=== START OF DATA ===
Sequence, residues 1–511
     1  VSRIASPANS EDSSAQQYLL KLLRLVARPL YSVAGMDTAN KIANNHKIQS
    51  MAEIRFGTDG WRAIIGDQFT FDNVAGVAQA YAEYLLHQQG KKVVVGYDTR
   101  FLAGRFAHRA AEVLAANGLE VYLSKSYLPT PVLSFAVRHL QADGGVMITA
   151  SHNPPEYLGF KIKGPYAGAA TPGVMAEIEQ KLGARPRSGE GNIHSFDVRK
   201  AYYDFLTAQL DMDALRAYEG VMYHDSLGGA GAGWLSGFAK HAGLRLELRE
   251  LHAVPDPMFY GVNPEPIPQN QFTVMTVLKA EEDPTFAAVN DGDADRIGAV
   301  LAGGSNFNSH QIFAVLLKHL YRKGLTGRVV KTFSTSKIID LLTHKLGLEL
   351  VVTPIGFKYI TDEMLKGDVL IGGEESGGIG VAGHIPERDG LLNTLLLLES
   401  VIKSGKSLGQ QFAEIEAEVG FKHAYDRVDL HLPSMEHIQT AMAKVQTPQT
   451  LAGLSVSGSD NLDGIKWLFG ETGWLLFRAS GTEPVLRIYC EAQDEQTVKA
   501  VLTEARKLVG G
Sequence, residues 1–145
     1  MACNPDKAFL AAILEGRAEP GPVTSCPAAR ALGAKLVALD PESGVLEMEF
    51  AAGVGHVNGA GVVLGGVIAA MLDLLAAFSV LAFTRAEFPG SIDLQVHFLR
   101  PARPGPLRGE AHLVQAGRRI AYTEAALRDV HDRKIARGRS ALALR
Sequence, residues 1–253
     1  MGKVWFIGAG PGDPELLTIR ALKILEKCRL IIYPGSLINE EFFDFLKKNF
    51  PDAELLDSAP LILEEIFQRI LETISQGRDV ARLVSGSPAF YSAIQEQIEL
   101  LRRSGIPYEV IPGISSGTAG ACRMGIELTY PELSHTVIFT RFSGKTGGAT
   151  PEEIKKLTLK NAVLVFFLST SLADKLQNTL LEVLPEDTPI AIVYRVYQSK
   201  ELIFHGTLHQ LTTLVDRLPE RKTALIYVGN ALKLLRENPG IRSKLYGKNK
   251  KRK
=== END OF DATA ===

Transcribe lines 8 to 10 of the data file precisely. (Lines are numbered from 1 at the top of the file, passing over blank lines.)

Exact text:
   301  LAGGSNFNSH QIFAVLLKHL YRKGLTGRVV KTFSTSKIID LLTHKLGLEL
   351  VVTPIGFKYI TDEMLKGDVL IGGEESGGIG VAGHIPERDG LLNTLLLLES
   401  VIKSGKSLGQ QFAEIEAEVG FKHAYDRVDL HLPSMEHIQT AMAKVQTPQT